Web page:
Jen said...

This is great Cinda, I hadn't thought that far ahead yet but I won't forget when the times comes. My eldest child knows about my toddlers autism, we explained that he is shy and can't talk as we felt this was an age appropriate explanation. He also knows it is called autism. I hadn't thought about when we would tell our toddler, he is far too young yet but having read your post I feel he should know by the time he begins school at 5 years old. Very valuable insight and information, thank you:) Jen.

Aviva Jaye said...

Excellent post! I wholeheartedly agree with you. Thank you for sayiing it so clearly. =)

froggy said...

I have a friend whose son is attempting to join the work force through a Goodwill program. It was very rough at first and just the simplest things would have made it so much easier.

Corrie Howe said...

When I was a single mom and my son started asking about "a daddy" a good friend and pastor who had four children himself, told me, "Kids will ask questions when they are ready. Answer the question they ask, no more no less. When they are ready, they ask more."

It worked for my oldest son and it worked for Jonathan as well. This year he started asking questions. Apparently the teacher was reading a book about a child with ADHD and Jonathan recognized the same behaviors in himself.

Meg said...

My son is at the point where he's almost proud of some of his issues (but he's a bit of an outgoing character so I think he likes the attention it gets him just as much as the understanding :) He readily and proudly tells people now that he's dyslexic and ADHD. The bipolar thing we hold out on for now. He can decide when and where he tells for himself when he's older because as much as it might help him to tell people it can also hinder him as well and limit his options later in life (no military, no police jobs, etc.). With that we don't have bp in his school records either. We just work around it.

Nancy C said...

When I was teaching, I worked hard with my team to set up a student-led conference. Not only does it provide an opportunity for kids to know their respective strengths and areas for growth, but it puts the solution in their laps.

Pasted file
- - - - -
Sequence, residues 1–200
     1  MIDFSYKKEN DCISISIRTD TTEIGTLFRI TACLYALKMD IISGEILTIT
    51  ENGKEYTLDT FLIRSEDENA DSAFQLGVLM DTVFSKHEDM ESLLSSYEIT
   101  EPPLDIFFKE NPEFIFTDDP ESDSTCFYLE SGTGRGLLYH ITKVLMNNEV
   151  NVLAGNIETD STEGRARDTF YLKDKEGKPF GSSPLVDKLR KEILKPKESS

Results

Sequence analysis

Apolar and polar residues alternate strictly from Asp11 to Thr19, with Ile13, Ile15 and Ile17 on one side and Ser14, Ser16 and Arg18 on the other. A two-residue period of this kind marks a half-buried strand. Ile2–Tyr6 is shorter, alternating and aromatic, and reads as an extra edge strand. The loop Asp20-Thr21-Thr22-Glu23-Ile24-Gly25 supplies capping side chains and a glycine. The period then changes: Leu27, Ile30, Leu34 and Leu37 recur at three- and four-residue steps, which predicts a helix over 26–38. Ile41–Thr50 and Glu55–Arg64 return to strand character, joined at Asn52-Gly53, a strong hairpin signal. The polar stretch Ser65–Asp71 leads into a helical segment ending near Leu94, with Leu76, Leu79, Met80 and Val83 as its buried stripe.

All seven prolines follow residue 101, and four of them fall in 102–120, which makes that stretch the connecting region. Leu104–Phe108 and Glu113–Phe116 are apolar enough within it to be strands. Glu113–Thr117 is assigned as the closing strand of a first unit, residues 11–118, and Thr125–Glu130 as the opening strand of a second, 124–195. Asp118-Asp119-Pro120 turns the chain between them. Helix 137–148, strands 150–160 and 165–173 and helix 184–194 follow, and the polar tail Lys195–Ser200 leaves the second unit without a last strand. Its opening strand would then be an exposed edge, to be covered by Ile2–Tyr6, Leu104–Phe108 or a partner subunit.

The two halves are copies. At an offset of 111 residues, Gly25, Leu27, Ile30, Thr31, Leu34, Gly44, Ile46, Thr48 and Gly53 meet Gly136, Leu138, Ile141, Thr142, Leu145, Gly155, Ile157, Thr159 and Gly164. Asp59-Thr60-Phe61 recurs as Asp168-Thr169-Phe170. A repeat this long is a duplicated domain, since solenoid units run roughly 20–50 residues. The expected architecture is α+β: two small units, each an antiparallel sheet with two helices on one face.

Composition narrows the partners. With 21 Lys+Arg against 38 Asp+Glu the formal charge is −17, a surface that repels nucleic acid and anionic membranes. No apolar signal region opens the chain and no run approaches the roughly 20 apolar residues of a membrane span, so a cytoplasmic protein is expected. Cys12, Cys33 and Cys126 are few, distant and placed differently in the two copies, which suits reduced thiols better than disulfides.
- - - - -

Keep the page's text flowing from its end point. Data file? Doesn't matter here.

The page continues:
Unfortunately, some of my team members did not want to let go of the power and the conferences didn't take off. It was very frustrating.

Tanya @ TeenAutism said...

Cinda, thank you so much for this, and for everything you do. In six months Nigel will be 16, so it's time to start his transitional planning. I'm a wreck just thinking about it! But with caring professionals like you out there, I feel like we'll be okay.

jazzygal said...

Great post Cinda! I have recently written a post about labels and whether to reveal them or not...I was thinking ahead and acknowledging that my son is getting to an age where he should have input into this. So I really like your idea of the children running their own meetings, when they're old enough! They should have a say.

I enjoyed this post, thank you! xx jazzy

mombipolar613 said...

Thank you for your blog. I ahve a 17yo with bipolar. I was reading your entires and it was like I was reading things I wrote. It is a difficult journey. Thanks for sharing this with other parents going through this.

mombipolar613 said...

Our story is at http://www.mombipolar613.blogspot.com

Accidental Expert said...

Great post. Gives me a lot to think about as my two get older.

Gregory Montgomery, Jr. said...

Good stuff, Cinda. i'm working on a human capital evaluation testing model. If you want a reference think www.ponderaadvisors.com on steroids. I'm going to do this. Help them peel the onion. Look into the rabbit hole...... Dr Fran Pirozzolo and I will be evaluating high school, college and professional talent through our testing model. This will indirectly(wink wink) give parents the answers to the test(human currency) in order to communicate with their children. Brilliance - GHM

Anonymous said...

Your wisdom and sensitivity are conveyed with the compassion and insight that are so very rarely exposed to those in need of such. Indeed, our society needs to be imprinted with your character and intelligence. For what it is worth, you have made a sincere and impressive impact on my two daughters who do not seem to suffer from any mediacal disorders, but rather who are afflicted with the desire to make a difference for those who are. Thank you for being who you are!

Megan said...

I have to tell you that my mom called me yesterday, hysterical, telling me that we just had to commit Caroline to a mental institution, that she was sick beyond help, that we are too stressed out caring for her, that I was going to lose my mind, etc. I stayed calm and validated her feelings (concern for my health) but also just said that she is nowhere near being that sick, and that her greatest chances for success in being raised by us in our family, not in some cold place. My mom struggles with depression and refuses to take ADs. I told her she didn't have to read my blog if it upset her too much. I wish my Mom were a little saner and not so proud. She is mad at God, mad at the world that she has three grandchildren with austism, one with bipolar disorder, and several with severe ADHD. I don't look to her for any kind of support emotionally and never have. But I have lots of friends and dear sisters.